This page features writing from first-year students enrolled in this class from 2003-2004
-- scroll down to view their work!
The popularity of science magazines such as Science News, Scientific American, and Discover has increased dramatically
in recent years. Similarly, there has been a prolific increase in the quantity and popularity of book-length translations
of science by such authors as Jane Goodall, Isaac Asimov, Stephen J. Gould, and Carl Sagan. This increase in demand for scientific
information begs the question: How is science communicated to the public? Specifically, how do writers present abstract or
complex scientific subjects to a general audience? In acknowledging the difficulty of this task, Albert Einstein once wrote,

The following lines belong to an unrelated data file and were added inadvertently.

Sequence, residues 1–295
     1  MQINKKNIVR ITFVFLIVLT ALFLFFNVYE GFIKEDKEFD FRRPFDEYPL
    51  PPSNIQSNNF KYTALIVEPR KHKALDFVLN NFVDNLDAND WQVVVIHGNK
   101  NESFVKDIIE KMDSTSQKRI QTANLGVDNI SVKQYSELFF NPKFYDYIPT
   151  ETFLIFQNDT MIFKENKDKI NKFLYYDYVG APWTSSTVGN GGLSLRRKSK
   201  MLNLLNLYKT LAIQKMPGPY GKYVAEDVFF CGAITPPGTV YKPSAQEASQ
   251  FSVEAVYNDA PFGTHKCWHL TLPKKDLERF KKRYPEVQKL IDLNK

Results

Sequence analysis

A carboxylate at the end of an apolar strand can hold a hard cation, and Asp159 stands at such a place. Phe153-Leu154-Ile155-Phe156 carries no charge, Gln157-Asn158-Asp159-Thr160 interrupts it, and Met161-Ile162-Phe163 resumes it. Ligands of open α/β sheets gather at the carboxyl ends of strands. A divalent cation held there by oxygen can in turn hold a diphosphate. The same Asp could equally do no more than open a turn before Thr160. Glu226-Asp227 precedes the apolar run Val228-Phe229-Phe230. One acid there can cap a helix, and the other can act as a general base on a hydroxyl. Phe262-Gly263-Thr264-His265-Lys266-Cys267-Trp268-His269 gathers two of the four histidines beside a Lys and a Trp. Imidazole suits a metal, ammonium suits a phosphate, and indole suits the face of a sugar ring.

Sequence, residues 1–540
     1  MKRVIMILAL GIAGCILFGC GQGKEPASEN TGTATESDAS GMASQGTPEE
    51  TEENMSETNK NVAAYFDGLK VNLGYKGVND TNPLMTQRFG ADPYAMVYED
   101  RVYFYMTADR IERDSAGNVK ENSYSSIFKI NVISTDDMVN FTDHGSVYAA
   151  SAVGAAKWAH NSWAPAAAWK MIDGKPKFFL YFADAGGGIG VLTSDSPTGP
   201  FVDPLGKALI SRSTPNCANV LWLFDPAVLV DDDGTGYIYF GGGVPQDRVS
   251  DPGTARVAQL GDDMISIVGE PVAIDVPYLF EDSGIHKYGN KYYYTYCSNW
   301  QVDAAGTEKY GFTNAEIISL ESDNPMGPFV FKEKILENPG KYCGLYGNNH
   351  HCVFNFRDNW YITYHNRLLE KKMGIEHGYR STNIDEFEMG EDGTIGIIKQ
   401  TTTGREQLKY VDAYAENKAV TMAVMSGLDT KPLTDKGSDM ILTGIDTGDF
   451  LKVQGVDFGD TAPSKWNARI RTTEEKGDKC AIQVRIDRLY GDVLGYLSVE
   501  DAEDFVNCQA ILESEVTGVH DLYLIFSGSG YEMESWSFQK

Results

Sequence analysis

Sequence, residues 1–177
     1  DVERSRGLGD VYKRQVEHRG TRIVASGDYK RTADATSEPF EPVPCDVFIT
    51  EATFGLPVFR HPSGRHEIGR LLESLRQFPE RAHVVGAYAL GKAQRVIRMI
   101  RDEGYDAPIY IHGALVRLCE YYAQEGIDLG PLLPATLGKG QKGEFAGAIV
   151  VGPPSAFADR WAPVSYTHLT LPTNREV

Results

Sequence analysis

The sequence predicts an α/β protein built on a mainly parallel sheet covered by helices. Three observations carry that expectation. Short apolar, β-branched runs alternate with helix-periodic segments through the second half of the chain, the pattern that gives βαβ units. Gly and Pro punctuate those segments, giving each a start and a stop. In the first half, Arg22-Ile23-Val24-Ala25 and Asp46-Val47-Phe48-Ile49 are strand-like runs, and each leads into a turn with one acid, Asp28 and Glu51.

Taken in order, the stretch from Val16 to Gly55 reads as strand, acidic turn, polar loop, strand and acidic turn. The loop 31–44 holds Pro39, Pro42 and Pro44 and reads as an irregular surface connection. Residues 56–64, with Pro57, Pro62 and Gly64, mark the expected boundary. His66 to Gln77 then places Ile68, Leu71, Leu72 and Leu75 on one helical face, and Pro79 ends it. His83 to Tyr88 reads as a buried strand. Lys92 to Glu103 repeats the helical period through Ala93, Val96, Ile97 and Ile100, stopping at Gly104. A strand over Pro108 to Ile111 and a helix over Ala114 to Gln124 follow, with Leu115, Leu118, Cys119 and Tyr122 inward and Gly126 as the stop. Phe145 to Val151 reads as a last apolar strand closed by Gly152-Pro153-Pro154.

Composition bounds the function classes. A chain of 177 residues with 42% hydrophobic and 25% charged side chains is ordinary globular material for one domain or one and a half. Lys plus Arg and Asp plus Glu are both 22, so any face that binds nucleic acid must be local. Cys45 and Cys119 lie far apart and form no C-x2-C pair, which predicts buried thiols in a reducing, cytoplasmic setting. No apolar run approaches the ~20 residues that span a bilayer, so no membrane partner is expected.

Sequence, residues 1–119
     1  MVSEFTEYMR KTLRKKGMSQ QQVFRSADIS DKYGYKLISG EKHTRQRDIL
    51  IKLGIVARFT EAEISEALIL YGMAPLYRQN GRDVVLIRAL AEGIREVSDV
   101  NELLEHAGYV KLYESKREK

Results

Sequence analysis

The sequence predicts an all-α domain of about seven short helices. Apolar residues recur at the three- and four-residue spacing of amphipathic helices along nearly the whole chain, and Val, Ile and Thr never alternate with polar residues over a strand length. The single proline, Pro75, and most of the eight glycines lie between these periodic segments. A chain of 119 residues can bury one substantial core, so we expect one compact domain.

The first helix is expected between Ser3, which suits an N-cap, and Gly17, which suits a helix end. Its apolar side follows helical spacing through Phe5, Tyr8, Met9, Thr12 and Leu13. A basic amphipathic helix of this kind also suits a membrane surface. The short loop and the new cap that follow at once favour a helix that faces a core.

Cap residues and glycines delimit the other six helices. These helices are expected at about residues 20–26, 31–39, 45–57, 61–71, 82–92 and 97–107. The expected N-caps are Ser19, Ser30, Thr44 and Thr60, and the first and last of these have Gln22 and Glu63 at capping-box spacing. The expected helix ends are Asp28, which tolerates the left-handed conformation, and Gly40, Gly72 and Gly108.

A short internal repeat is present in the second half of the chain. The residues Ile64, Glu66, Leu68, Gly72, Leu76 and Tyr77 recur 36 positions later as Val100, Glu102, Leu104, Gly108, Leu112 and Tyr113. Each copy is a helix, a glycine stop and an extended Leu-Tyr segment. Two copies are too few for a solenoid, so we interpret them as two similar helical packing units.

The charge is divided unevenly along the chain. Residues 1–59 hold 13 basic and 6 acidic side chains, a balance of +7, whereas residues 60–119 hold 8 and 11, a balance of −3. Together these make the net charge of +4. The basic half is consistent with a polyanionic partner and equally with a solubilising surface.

"Either (writers) succeed in being intelligible by offering only superficial aspects, or (they) give an expert account
in such a fashion that the untrained reader is unable to follow." In this class, we will examine what happens to scientific
information when it is written for a general audience. Can science writers avoid the pitfalls of oversimplification and obfuscation?
What changes occur in the language used and the assumptions made? Are the changes significant? Is accuracy compromised? Not
only will students examine how published authors communicate science to the public, but students will also use their writing
to engage and inform audiences about an aspect of science that interests them.
Students in Dr. Reynolds' class were interviewed for a feature in the Duke Chronicle -- click here to read the text!
Scientific Integrity in Policy Making
Science that affects you!
Devil's Advocate: A First-Year Student's Survival Guide to Life at Duke
From Einstein to Evolution: Eleven misconceptions of science
every college student should know about
Beyond 2003: Scientific advancements in our lifetimes
The science behind Duke basketball